Francoa ramosa is one of my favorite perennials for dry shade. I’ve had them grow equally happy in fairly deep shade to bright shade, requiring little water once established.
In fact, in my zone 9 garden, they’re evergreen, dying back a bit to form a tidy green mound before starting the show all over again in the spring.
They’re hardy down to 20-25 degrees, and even survived a light dusting of snow that we received a few years ago.
The graceful wands of tiny, star-like flowers slowly grow up to 3-feet tall, waving gently in the slightest breeze.
Below the waving flower wands is a 2’x4’ mound of fiddle-shaped foliage with each oversized leaf growing up to 12” long.
Even though it’s not widely known as deer-resistant, I’ve never had deer decimate my plants.
It must be due to the foliage being coarse and slightly sticky. The same goes for snails and slugs – anything sticky tends to send them packing.
Is there a wedding in your future? If so, consider this fun fact: francoa is also known as ‘Bridal Wreath,’ as the long and slender flower stalks were literally used as bridal wreaths – now how cute is that!
Francoa blooms from June through early September, and when picked, the flowers last forever in an arrangement.
One thing I’ve noticed, though, is once every few years francoas can sometimes send out an oddly shaped flower stalk.
While normally pencil-thin, an occasional flower stalk will turn into twisted, funky, flattened flower ‘band’. This is a genetic mutation called ‘fasciation.’
It doesn’t seem to hurt the plant in the least, and in fact, if you were inclined to make a wreath for your head, these flattened bands would work even better!
Fasciation can affect several species of plants, and is due to either a microscopic mite, virus, or even a random genetic mutation.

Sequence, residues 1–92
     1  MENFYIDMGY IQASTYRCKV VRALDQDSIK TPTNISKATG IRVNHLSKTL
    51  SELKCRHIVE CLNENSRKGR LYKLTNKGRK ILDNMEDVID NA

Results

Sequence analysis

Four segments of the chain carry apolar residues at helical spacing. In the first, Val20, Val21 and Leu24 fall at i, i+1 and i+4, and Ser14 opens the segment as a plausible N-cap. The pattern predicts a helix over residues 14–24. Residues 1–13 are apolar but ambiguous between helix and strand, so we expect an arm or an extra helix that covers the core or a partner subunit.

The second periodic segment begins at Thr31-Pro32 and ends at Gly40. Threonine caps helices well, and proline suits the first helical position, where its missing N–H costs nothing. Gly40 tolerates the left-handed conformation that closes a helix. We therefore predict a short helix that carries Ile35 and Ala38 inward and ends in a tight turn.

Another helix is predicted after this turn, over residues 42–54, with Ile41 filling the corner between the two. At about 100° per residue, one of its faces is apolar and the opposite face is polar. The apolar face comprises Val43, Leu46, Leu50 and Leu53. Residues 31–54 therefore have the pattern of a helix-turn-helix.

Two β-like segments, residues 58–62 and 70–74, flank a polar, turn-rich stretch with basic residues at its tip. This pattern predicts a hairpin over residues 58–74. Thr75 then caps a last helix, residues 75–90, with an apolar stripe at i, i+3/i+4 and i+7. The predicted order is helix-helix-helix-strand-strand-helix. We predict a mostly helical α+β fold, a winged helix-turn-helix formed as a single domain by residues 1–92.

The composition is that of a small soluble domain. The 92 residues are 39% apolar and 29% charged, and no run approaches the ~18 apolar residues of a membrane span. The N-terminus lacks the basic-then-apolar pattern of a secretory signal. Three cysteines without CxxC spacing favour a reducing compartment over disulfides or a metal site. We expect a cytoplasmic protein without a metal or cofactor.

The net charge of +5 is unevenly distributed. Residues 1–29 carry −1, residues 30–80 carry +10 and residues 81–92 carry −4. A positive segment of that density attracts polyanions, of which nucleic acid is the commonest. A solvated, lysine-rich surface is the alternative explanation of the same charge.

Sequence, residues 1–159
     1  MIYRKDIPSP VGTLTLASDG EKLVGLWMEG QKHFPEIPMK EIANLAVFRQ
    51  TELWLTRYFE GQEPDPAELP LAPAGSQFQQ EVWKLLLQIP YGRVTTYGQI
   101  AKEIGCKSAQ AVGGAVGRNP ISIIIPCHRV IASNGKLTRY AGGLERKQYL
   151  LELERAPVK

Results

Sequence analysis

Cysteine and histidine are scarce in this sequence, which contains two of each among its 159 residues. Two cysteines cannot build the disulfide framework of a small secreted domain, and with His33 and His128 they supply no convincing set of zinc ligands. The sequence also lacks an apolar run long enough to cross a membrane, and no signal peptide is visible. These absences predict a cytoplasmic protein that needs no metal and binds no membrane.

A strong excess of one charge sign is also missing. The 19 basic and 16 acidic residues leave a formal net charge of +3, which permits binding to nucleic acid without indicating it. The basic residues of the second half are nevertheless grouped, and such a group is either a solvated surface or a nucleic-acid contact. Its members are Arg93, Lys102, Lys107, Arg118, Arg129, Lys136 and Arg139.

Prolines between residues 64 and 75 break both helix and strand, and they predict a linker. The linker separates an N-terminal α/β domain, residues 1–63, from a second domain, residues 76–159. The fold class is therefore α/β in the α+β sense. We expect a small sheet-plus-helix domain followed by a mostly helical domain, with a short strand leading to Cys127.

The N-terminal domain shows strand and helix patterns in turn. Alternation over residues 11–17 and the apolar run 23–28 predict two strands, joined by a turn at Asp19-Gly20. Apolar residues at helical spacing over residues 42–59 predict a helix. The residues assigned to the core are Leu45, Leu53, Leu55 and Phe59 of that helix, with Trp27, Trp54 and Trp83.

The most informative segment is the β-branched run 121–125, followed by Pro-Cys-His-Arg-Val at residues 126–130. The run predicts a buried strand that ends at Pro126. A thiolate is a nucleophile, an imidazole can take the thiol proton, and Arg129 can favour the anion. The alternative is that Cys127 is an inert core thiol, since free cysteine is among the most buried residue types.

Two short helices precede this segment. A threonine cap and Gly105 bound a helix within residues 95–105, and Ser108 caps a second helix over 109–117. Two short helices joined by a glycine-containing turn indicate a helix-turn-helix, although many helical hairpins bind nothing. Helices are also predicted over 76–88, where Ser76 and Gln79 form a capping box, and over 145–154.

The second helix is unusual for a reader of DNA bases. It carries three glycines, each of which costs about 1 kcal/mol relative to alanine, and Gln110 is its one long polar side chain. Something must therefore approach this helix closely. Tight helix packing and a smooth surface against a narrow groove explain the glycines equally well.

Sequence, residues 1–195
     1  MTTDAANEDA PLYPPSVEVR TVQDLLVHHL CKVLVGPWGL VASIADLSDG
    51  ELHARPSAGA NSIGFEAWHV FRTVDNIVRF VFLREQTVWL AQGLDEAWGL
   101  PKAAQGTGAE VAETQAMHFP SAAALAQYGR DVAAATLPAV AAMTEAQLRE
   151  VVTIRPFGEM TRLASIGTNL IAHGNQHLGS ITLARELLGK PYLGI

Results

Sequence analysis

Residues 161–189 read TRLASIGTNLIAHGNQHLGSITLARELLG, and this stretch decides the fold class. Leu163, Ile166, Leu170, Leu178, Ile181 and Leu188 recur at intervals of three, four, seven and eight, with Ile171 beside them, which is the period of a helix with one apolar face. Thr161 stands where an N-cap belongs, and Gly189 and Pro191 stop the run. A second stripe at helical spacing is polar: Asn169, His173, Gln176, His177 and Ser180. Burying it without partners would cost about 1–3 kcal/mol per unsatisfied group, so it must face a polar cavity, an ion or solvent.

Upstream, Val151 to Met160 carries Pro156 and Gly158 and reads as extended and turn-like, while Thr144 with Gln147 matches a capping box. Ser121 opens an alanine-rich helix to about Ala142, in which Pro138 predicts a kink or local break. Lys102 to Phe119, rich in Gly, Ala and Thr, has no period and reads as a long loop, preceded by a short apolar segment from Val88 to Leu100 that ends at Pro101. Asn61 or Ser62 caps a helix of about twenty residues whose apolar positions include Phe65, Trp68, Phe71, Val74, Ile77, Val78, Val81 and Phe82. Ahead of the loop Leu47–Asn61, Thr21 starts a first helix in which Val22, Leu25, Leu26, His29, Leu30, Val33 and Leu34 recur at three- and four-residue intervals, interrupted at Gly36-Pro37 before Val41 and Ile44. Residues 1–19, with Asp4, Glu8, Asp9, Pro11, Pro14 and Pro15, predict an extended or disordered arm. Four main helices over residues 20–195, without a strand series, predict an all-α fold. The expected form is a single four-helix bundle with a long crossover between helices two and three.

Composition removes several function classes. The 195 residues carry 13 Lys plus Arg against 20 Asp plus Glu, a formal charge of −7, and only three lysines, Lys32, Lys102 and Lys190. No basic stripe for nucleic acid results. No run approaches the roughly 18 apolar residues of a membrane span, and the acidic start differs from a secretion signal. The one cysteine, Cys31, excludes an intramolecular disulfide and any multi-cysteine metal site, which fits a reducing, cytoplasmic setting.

For example, I’ve seen the same thing happen on my artemisia plant, with the normally thin stem flattening out to a few inches.
And most recently, I’ve noticed a single verbascum flower is splitting off into three little flowers at the very tip!
Francoa is a relatively low-maintenance herbaceous perennial, only requiring the removal of old, damaged foliage and spent flower stalks when necessary.
What’s herbaceous? In a nutshell, it’s a definition given to plants that don’t have woody stalks above ground (ie: all annuals and most perennials.) If interested, The Spruce offers a great definition.
With all it has going for it, I can’t figure out why it’s so hard to find in retail nurseries! Luckily, though, with a little hunting they can be found!
The variety I have is ‘Lavender,’ originally purchased at Annie’s Annuals. Unfortunately, they no longer sell this one, but luckily they have a different one that’s more compact, with larger flowers in a magenta-pink color (you can find it here.)
The most common varieties have light pink (almost white) flowers and can be found at Digging Dog Nursery.
For more plants that thrive in the dry-shade under my oak trees, click here.
And for more plants that do well in dry-shade, I highly recommend this book!
Oh, and if you want to read about yet another funky fungus, click here to see what mites can do to a lemon tree!
For some reason this post is highly ranked on google, one of my top 5! I wonder if that’s due to parents being stuck at home desperate for something new to do with their kids – ha!